When the Boston Bruins traded away Johnny Boychuk back in October, it felt like a slap in the face.
The 31-year-old defenseman was shipped to the New York Islanders for a trio of draft picks just five days before the start of the regular season. Boychuk was about to enter the final year of his contract with a Bruins team that was up against the salary cap. Boston had their doubts about whether they would be able to re-sign number 55 to a long-term extension and eventually decided to trade him to Long Island.
The club may have saved $3.3 million in cap space, but it could not account for the loss of a player that was a solid defenseman on the ice and very popular with the fans off of it.
Six Years In Boston
When Boychuk arrived from Colorado in 2008, no one expected the type of impact he would eventually have as a staple on the Bruins blueline.
The Edmonton native showcased his offensive ability in Providence scoring 20 goals and 66 points in 78 games during the 08-09 season. As a 26-year-old, he earned a permanent roster spot with the parent club.
It was the ideal start to life on Causeway Street. However, it only got better. The next season, Boychuk was part of the Stanley Cup championship team of 2011.
Boychuk began to cement himself as a top-four defenseman playing alongside captain Zdeno Chara in the years to come. The six-foot-two-inch point man was one of the NHL’s most underrated defensive defensemen during the back half of his tenure in Boston.
Another part of Boychuk’s game was the booming slap shot he possessed, earning the nickname “Johnny Rocket”. The right-handed defenseman had a cannon of a slapshot but only managed to score 19 goals in 317 regular season games with the Bruins.
In Boston’s run to the Cup Finals in 2013, Boychuk lit the lamp six times in 22 games while playing stout defensively. It was a sign that he was more than just a “stay-at-home” defenseman and could contribute on the attack.
Regardless, during his time in Boston, he was called upon more for preventing goals than scoring them, which he did very well.
Resurgence on Long Island
When the Islanders brought in Boychuk, the expectation was that he would be a top-two defenseman paired alongside fellow trade acquisition Nick Leddy from Chicago. The duo combined to spearhead a resurgence on Long Island.
Coach Jack Capuano turned Boychuk loose on offense this season. The former second-round pick in 2002 repaid the faith shown by his new coach. Boychuk posted career-highs in goals (9), assists (26), points (35), and time-on-ice per game (21:40).
Capuano also did something Claude Julien was reluctant to do; use Boychuk on the power-play. “Johnny Rocket” had the opportunity to unleash the shot he was famous for back in Boston. His 2:40 power-play time-on-ice per game led all Islanders defensemen while recording a career-high five goals on the man advantage.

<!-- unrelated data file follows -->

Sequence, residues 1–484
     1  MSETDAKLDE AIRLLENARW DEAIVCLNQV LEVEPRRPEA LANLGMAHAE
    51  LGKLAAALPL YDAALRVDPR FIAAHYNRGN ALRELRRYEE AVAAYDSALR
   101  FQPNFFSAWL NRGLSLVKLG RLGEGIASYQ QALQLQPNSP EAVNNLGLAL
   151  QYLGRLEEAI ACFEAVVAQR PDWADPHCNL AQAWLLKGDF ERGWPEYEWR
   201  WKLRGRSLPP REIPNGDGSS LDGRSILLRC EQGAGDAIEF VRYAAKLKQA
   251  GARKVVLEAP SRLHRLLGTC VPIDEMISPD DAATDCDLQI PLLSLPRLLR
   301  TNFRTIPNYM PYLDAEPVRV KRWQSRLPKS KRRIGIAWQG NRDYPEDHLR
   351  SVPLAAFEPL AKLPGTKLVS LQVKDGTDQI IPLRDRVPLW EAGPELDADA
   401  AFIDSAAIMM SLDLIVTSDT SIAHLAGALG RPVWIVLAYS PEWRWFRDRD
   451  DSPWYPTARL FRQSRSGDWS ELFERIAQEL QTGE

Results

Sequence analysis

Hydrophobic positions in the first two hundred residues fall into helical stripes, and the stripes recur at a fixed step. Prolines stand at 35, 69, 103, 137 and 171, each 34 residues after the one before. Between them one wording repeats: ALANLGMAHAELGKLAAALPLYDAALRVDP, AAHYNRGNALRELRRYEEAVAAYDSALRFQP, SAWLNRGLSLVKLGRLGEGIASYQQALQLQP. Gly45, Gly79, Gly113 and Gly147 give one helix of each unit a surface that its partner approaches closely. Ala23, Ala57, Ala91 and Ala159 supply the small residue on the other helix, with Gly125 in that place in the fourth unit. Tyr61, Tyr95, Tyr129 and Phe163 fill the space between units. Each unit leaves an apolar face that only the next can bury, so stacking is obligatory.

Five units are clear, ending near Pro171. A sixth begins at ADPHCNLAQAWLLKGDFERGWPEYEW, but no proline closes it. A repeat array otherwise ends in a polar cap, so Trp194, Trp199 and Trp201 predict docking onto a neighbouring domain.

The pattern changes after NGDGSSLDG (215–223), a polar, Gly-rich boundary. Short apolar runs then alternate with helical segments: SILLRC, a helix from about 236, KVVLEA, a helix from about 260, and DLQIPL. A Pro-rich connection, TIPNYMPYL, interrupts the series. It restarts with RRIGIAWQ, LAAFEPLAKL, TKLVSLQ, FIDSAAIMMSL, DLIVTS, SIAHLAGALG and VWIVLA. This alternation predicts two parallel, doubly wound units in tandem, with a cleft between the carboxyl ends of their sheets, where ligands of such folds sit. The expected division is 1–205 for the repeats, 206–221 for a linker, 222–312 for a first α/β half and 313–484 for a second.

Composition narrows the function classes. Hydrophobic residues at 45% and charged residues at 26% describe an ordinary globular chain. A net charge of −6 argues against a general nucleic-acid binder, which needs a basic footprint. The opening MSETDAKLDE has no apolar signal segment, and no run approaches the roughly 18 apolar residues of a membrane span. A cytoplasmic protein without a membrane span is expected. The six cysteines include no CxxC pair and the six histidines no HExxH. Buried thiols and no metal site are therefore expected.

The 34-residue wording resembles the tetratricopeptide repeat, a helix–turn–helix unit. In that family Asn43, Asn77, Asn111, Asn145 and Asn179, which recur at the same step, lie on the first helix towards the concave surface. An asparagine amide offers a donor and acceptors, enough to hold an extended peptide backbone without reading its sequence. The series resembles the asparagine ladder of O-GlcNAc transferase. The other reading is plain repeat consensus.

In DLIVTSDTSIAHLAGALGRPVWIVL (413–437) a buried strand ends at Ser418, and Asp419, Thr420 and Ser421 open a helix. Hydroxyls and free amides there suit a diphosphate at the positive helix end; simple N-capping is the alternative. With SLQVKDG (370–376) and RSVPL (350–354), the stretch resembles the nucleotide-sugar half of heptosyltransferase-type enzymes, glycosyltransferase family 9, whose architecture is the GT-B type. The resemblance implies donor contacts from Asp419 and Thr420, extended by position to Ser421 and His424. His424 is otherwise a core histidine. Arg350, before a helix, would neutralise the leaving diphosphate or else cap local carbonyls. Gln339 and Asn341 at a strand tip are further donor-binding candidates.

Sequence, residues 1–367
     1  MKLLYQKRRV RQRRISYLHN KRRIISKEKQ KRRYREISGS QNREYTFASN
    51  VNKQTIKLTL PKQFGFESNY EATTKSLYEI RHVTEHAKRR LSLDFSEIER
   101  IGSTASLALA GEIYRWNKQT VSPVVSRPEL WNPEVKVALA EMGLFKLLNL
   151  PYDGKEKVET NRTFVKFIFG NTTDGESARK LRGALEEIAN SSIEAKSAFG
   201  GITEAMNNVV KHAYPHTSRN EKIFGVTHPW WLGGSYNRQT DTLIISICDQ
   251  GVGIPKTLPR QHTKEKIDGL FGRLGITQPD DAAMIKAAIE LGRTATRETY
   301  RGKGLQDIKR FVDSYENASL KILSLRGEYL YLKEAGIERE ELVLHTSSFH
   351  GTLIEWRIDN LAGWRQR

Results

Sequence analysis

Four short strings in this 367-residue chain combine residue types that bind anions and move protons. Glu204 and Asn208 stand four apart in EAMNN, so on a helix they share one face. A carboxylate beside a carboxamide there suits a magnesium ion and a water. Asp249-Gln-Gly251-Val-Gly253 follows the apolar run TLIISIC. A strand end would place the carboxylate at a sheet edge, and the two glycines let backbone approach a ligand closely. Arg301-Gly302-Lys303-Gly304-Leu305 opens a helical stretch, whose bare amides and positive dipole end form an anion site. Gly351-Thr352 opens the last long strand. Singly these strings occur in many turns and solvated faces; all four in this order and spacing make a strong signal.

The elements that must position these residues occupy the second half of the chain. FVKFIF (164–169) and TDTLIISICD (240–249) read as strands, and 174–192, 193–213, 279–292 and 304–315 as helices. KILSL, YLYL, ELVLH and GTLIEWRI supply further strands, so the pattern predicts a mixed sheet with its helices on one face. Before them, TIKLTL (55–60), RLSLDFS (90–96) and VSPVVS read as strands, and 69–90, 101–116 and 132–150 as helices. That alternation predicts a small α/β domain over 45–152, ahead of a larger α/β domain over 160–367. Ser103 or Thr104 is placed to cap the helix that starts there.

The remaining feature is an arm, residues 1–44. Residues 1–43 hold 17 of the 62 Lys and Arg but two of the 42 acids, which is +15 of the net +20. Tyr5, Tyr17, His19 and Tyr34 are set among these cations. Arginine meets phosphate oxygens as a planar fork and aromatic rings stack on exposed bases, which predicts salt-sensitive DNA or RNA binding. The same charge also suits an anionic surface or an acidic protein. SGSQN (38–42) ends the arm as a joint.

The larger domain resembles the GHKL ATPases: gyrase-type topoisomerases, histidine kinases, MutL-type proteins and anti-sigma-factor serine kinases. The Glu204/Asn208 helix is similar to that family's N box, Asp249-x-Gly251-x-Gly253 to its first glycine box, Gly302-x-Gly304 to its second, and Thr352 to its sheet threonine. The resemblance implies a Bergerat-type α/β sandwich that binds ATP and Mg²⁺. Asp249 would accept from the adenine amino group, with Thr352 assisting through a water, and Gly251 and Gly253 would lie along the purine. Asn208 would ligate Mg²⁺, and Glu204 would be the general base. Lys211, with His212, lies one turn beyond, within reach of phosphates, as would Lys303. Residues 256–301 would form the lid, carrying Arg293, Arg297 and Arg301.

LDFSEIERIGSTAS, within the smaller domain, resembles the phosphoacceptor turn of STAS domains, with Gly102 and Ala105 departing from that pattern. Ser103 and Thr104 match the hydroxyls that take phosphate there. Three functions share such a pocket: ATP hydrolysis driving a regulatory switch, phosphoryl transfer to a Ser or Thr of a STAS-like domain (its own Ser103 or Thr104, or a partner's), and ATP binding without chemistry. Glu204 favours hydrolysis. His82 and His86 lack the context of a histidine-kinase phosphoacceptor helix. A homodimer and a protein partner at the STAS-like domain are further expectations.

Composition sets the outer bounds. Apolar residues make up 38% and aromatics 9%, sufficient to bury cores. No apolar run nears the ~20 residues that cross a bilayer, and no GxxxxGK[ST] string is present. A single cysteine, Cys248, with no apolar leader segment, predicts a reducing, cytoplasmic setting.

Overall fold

In his six years in Boston, Boychuk only did it once.
Defensively, he was still responsible as ever. Boychuk led the club in shorthanded time-on-ice per game (2:02) and blocked shots (149). However, the Isles were thin on the blue line beyond the top two and could not be cured of their defensive woes.
Regardless, Boychuk was handed the reigns as Long Island’s number-one defenseman. He performed well in his new role, stabilizing the blue line for years to come.
Seven More Years!
Garth Snow was satisfied enough to keep his offseason acquisition around for the foreseeable future.
Yes! Yes! Yes! For seven more years!!
— Johnny Boychuk (@joboych) March 12, 2015
He signed Boychuk to a seven-year contract extension on March 12 worth $6 million per season.
“”Johnny’s influence in our dressing room, both on and off the ice, has been immeasurable. His veteran presence is an asset that we are thrilled to help lead our club.” – Garth Snow on Boychuk
During their series with the Washington Capitals, many Bruins fans traded in their Black and Gold for Orange and Blue due in large part to Boychuk. His defensive work on Caps captain and superstar Alex Ovechkin garnered praise from hockey circles around the league. It even made Don Cherry refer to him as “elite”.
And to think he was traded away for three draft picks to save cap space. Ouch.
In his press conference after announcing the trade, Chiarelli uttered this famous line.
“[Boychuk] was upset. I was upset. I’m still upset.”
Though he may be in Edmonton now, Bruins fans are still upset at Chiarelli for dealing Johnny Boychuk away.
In fact, they may be upset for a long time.
Joe is a writer covering the Boston Bruins. He is a lifelong native of Massachusetts and is currently a content writer/manager for a newsletter at a Human Services Agency. Joe can be found on Twitter: @JoeCherryTHW